5:03pm: MLB.com's Corey Brock explains the reasoning behind announcing the contract as a six-year deal despite only adding five new years (Twitter link). Though Gyorko's 2014 salary remains unchanged, there is language in the deal which adds both insurance and benefits to Gyorko's 2014 contract.
3:48pm: The Padres have locked up one of their infielders for years to come, but it isn't the one whose extension status has grabbed the most headlines over the past couple of years; San Diego announced today a six-year extension for second baseman Jedd Gyorko that will keep the ACES client in San Diego through the 2019 season and contains a club option for the 2020 season.
Gyorko's deal appears to be a six-year extension in name only, as the reported breakdown of his contract doesn't include a change to his previously agreed upon 2014 salary. He will earn $2MM in 2015, $4MM in 2016, $6MM in 2017, $9MM in 2018 and $13MM in 2019 before the Padres have the option of retaining him for $13MM for 2020 or paying him a $1MM buyout. Gyorko's deal also reportedly contains escalators that pertain to the option year, meaning the value of that option could rise over the course of the deal.
"We are happy to sign Jedd and secure the rights to two free agent years," said general manager Josh Byrnes in the press release issued to announce the deal. "Jedd is a homegrown player in his fifth season with the Padres organization and has been a consistent performer every step of the way. He has shown us a real commitment to this organization and to the city of San Diego."
Gyorko, 25, had a solid rookie season in which he batted .249/.301/.444 with 23 homers in 525 plate appearances. That effort, which was more impressive than it would appear at first glance due to his pitcher-friendly home stadium, was enough to earn him a sixth-place finish in the National League Rookie of the Year voting.
A natural third baseman, Gyorko has moved over to second base in San Diego due to the presence of Chase Headley at the hot corner for the Friars. Advanced defensive metrics both felt that he did an admirable job there, with The Fielding Bible's Defensive Runs Saved pegging him at -1 runs, while Ultimate Zone Rating estimated that he saved 1.8 runs per 150 games. That defensive flexibility is crucial for the Padres, who could lose Headley to free agency at season's end. Should that happen, Byrnes will have the freedom to pursue both second base and third base options to fill the void, knowing that Gyorko can handle whichever position is not filled by a potential new addition.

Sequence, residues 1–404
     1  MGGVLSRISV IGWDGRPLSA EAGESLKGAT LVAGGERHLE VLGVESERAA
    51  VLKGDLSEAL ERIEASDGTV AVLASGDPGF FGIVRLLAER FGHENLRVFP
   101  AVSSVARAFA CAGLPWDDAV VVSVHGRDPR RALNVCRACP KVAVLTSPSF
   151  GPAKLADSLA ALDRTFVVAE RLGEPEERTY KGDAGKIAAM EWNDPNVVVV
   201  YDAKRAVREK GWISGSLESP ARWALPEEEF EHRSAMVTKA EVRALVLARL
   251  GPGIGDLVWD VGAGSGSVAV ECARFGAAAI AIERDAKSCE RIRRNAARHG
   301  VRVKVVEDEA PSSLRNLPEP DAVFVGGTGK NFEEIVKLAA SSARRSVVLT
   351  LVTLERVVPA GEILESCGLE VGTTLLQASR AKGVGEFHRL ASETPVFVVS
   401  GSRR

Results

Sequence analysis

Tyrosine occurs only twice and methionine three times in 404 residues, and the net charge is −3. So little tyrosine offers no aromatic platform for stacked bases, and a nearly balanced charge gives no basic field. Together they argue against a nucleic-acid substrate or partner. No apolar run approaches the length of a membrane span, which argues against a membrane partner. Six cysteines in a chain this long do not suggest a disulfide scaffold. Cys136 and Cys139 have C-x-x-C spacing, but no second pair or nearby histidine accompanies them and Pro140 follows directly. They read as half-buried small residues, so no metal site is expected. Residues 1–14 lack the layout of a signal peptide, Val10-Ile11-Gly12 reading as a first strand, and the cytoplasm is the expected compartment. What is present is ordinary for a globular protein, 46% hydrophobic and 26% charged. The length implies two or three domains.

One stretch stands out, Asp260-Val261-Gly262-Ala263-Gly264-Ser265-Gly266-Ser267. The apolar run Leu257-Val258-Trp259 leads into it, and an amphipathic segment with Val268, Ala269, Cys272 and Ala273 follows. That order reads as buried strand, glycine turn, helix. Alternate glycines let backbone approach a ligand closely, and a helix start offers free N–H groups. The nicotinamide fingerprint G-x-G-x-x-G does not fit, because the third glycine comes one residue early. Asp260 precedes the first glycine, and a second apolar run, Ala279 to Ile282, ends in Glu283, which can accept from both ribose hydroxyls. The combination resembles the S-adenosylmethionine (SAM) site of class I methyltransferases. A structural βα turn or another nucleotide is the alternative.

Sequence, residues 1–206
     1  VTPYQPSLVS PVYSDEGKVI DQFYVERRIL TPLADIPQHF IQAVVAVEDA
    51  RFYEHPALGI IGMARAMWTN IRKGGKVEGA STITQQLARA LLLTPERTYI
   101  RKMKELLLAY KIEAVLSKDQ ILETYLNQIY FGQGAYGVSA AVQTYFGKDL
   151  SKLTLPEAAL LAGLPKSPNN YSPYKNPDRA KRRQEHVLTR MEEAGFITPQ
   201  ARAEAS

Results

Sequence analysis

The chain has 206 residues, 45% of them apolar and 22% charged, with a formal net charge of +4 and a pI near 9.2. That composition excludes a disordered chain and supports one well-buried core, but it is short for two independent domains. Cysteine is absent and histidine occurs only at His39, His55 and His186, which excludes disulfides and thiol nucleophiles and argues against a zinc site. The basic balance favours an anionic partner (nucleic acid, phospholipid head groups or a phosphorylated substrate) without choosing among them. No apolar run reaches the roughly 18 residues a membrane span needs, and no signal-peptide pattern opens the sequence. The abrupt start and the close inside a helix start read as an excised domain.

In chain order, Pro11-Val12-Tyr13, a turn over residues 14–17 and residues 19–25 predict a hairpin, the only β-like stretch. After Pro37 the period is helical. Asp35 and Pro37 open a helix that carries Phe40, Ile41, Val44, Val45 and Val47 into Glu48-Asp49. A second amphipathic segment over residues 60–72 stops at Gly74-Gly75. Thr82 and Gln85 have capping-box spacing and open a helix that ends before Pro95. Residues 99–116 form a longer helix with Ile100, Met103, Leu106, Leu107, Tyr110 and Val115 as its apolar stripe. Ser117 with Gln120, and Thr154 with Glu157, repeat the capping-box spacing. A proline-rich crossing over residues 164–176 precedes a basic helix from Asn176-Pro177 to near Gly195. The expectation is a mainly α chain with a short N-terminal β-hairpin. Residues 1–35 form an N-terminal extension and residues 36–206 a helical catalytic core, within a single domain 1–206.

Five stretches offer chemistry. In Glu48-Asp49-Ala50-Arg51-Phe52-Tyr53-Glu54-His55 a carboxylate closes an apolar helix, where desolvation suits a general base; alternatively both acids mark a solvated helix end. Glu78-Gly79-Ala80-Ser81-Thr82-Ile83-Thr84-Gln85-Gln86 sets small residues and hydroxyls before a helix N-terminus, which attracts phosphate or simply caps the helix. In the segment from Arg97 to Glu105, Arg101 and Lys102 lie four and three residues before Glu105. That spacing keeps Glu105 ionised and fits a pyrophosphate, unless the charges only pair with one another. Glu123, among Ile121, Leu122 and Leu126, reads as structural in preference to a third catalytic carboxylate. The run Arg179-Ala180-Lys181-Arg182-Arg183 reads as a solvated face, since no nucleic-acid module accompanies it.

The Padres already controlled Gyorko through the 2018 season via the arbitration process, so the Padres have effectively secured an additional two years of control over Gyorko (though only one is guaranteed). His contract is the largest signed by a second baseman with between one and two years of service time, though not the largest deal ever for a player in that service class. Andrelton Simmons, Ryan Braun and Anthony Rizzo have topped that figure. Regardless, that is an impressive group of peers for the slugging infielder to join.
Byrnes isn't shy about pursuing extensions for his young players, though a few of them have gone awry due to injuries in recent years. As can be seen via MLBTR's Extension Tracker, the Padres have recently extended Cameron Maybin (five years, $25MM), Cory Luebke (four years, $12MM), Carlos Quentin (three years, $30MM), Nick Hundley (three years, $9MM), Huston Street (two years, $14MM), Will Venable (two years, $8.5MM) and Chris Denorfia (two years, $4.25MM).
ESPN's Buster Olney was the first to report the deal (via Twitter), with ESPN's Keith Law adding (via Twitter) that it was a six-year deal with a seventh-year option. Ken Rosenthal of FOX Sports added that the deal ran 2015-19 with a club option, and Chris Cotillo of MLB Daily Dish reported the $35MM guarantee and $13MM option value (Twitter links). ESPN's Jayson Stark tweeted about the escalators, with Cotillo adding that they applied only to the option year. Jeff Passan of Yahoo sports reported the year-to-year breakdown (via Twitter).